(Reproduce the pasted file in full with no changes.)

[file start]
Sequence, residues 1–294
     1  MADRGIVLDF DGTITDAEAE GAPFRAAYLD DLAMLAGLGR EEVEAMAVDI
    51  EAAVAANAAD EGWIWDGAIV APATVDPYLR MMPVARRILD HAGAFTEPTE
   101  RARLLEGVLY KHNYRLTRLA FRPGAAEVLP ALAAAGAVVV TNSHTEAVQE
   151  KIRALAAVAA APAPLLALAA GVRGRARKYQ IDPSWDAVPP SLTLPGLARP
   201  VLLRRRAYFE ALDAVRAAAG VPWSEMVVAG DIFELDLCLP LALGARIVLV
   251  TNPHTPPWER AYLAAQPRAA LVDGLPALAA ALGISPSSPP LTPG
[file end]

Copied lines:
Sequence, residues 1–294
     1  MADRGIVLDF DGTITDAEAE GAPFRAAYLD DLAMLAGLGR EEVEAMAVDI
    51  EAAVAANAAD EGWIWDGAIV APATVDPYLR MMPVARRILD HAGAFTEPTE
   101  RARLLEGVLY KHNYRLTRLA FRPGAAEVLP ALAAAGAVVV TNSHTEAVQE
   151  KIRALAAVAA APAPLLALAA GVRGRARKYQ IDPSWDAVPP SLTLPGLARP
   201  VLLRRRAYFE ALDAVRAAAG VPWSEMVVAG DIFELDLCLP LALGARIVLV
   251  TNPHTPPWER AYLAAQPRAA LVDGLPALAA ALGISPSSPP LTPG